Saturday, 3 September 2011

Living here (couldn't think of any Japuns) :

I am writing to you now from my rooftop kingdom : Room 804, 8th floor, Cambridge House, Chikushino, Fukuoka.

Every day, I am staggered at how hospitable the Japanese are being towards us. I have never been on any trip or organised event that has run so smoothly or been so stress / fuck-up free as this one. I can say decidedly that I have not had a single complaint yet. Even the initial information drought gave no real cause for concern: it was all in hand, and there was no need for me to be told anything!

They’re putting us up in Cambridge House, an enormous dorm owned by the university: the Japan University of Economics, or Nihon Keizai Daigaku. The big boss man is Mori Sensei who, with his lovely staff, keep the peace in the building.
The place is spotlessly clean, which might be attributable to the fact that you’re not allowed to wear your shoes indoors. As it’s the summer holidays still, we’ve been permitted our dalliances and are allowed to shuffle through the downstairs foyer and corridor in our socks to go to our slipper locker. Ordinarily, it is forbidden to walk around in socks or bare feet.
We were provided with slippers with the Cambridge House katakana on them, but unfortunately, as with so many things, they’re too small and make me look like a cross-dresser and so I had to run the gauntlet of going to AEON mall and asking for some. They only had one pair in XXXXL, which are still a bit too small. Oh well.

We Oxbridge lot have the 8th floor to ourselves: it is our private domain, a hallowed, mysterious place where no Japanese student may tread. Unless we invite them. And only then if they’re over twenty (the Japanese drinking age). Ours is the only part of the building where drinking is allowed, and where there are no rules as far as loud music is concerned. We have enormous, apartment style rooms rather than the boxes the rest of them have to put up with. We have huge, flatscreen TVs in our rooms, a little library, a kitchen and sitting about area, several laundry rooms, a “counselling room”, you name it. They must hate us down there. Perhaps this is how Louis XVI felt…

Here are some pictures:

I suppose it’s sort of what it would be like if the Travelodge had a Presidential suite.

There are various cool gadgets, as you’d expect. We have ginormous, vat style kettles which heat the water to 98° and keep it there. We’ve been told that, since Fukushima, most of Japan’s nuclear power stations have been switched off, thereby causing quite serious power shortages. As such, we have to make sure everything is switched off at night. Nothing has been said, however, about us keeping our water superhot all day long, just in case…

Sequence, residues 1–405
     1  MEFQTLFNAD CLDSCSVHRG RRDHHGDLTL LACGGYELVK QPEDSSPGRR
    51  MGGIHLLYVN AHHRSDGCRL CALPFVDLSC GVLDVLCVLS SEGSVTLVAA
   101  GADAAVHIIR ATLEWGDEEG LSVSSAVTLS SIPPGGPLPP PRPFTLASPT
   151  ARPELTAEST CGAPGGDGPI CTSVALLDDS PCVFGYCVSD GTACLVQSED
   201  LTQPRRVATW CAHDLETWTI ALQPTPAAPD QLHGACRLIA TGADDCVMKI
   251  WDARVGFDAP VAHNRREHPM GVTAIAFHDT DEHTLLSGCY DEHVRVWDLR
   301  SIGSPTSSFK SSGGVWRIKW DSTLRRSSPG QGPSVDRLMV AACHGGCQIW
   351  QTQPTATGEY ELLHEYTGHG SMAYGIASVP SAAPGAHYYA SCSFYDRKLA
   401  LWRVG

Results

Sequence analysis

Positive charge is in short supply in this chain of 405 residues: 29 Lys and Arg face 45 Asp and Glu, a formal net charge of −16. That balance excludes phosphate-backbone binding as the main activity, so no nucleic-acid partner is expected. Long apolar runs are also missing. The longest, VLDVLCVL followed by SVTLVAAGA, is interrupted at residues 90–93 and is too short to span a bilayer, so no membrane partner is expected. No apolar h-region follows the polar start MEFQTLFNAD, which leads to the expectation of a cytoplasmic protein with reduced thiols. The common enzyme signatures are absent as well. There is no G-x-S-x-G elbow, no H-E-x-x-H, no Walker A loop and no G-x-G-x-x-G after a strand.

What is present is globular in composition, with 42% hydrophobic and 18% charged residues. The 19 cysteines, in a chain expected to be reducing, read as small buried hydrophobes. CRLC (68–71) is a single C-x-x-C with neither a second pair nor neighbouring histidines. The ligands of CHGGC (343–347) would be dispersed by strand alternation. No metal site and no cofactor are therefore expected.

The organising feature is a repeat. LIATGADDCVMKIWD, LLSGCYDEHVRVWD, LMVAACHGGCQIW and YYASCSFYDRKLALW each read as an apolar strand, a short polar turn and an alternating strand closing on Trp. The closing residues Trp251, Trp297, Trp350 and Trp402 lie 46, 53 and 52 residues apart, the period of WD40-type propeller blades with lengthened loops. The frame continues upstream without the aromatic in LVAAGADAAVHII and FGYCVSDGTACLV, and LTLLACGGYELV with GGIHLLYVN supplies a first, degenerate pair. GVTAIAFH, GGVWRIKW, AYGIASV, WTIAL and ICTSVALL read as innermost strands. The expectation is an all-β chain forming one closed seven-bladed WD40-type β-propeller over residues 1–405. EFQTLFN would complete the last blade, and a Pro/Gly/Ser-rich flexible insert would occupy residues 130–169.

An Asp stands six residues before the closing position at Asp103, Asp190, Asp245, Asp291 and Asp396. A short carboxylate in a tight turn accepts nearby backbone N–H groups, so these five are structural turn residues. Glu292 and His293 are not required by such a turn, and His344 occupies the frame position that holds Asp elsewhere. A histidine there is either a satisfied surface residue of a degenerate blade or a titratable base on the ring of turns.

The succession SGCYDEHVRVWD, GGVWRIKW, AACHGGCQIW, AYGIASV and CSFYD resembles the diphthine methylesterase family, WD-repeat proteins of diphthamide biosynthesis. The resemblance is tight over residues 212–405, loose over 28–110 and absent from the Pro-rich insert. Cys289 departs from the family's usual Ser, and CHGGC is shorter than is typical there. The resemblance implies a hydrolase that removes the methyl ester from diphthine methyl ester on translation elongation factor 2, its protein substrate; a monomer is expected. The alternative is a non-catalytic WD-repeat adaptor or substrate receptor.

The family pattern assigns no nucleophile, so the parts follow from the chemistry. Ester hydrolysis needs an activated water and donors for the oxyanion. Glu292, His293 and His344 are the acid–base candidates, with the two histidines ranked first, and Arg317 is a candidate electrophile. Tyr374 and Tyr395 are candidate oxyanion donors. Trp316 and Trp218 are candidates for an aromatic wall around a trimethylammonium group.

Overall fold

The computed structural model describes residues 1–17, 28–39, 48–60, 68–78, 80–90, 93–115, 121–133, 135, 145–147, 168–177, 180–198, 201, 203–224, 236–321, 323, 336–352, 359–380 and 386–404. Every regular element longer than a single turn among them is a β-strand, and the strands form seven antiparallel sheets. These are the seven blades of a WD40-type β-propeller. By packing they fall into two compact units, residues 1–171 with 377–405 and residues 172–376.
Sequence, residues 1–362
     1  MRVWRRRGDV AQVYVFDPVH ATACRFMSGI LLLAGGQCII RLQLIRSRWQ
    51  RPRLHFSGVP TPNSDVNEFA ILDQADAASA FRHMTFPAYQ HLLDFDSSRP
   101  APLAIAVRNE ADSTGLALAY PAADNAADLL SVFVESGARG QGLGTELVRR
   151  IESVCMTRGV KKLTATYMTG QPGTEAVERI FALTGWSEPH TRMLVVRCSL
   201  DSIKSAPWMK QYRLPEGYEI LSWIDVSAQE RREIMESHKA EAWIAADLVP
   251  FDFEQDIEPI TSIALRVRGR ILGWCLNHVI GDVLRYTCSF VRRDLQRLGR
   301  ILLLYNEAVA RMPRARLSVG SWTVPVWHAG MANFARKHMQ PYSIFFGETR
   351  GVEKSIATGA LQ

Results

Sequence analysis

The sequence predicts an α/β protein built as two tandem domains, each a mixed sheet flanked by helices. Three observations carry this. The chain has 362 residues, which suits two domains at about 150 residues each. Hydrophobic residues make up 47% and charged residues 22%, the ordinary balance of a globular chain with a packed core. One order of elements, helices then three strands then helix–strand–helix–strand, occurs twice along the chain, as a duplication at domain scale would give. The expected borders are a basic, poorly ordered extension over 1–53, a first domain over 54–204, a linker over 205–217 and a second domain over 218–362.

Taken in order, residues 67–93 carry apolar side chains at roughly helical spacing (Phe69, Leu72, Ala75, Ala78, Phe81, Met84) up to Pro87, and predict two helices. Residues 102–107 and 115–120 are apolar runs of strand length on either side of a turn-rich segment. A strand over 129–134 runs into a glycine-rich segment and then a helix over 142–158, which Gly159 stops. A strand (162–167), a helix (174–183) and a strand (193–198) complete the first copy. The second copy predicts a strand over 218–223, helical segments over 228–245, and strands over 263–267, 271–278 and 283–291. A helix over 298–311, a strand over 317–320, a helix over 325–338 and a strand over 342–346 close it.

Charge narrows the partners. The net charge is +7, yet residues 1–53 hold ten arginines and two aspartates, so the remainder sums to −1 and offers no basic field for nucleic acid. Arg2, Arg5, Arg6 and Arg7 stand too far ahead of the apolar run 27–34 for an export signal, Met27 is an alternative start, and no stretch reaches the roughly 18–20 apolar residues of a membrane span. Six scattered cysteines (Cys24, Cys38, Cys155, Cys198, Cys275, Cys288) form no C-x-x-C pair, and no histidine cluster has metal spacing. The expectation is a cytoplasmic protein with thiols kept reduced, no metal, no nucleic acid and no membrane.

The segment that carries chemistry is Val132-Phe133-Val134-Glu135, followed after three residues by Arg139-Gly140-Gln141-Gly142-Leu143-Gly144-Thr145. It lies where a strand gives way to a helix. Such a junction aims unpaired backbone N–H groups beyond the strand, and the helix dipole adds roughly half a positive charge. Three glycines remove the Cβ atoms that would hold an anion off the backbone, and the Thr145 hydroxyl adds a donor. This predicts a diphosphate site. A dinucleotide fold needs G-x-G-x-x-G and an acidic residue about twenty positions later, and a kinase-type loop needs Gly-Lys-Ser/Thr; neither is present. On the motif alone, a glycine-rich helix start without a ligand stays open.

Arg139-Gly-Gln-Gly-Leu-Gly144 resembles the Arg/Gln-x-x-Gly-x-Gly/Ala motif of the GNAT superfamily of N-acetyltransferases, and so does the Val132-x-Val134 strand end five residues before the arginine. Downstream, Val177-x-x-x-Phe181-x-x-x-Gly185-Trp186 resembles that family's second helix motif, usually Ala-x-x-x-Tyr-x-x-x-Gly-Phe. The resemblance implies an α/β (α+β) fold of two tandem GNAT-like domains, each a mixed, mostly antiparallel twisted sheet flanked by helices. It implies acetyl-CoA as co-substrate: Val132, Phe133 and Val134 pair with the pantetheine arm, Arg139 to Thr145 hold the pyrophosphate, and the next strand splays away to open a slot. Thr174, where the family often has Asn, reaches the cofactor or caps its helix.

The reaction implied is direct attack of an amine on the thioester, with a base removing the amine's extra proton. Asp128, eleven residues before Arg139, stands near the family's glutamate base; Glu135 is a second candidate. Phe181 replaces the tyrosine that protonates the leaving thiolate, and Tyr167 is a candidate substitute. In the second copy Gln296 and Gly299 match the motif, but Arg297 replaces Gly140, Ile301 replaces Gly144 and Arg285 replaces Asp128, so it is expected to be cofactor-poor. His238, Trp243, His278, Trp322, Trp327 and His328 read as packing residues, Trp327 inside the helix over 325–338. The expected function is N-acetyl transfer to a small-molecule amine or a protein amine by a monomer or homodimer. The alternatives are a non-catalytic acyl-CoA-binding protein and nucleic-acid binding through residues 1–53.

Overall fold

We also have a fridge that shouts at you in Japanese if you leave it open for too long (could be a good dieting tactic), and there’s an add-on for the sink by which you can regulate the pH of the water you want (see pictures). Slightly alkaline water is best for tea apparently. The mind boggles.

The building is charming too: grand, with a Greco-Roman pavilion in the central court. It was going to be a swimming pool, but the boss’s missus took a shine to all things European antiquity and so the pool went down the drain. It strikes awe into the most travelled of Gaijin to see the stray winds of a Pacific typhoon, whipping white water and leaves around the face of a false marble Aphrodite, so far from home. We have karaoke rooms too, though saying as alcohol is not allowed anywhere in the building, save the 8th floor, and the dorm rules clearly state “If you are coming home drunk, please be discrete”, I can’t see any way we could use them. As Seb put it, “to prevent any un-Islamic mixing” the karaoke rooms are gender segregated too. We also have a tea-ceremony room and communal baths (more on that later!)

One of my favourite things is that we have a tannoy system that plays a little tune for every hour, the start and end of meal times, get-up time (7:30) and go to bed time (11:30). It plays Westminster chimes when it’s time to get up (a nice touch for the foreigners in the attic) and the New world symphony for bed time (which, apparently, is what they play to tell customers to get out of shops at closing time). Ruthless efficiency at its Japanterous best I’d say. 

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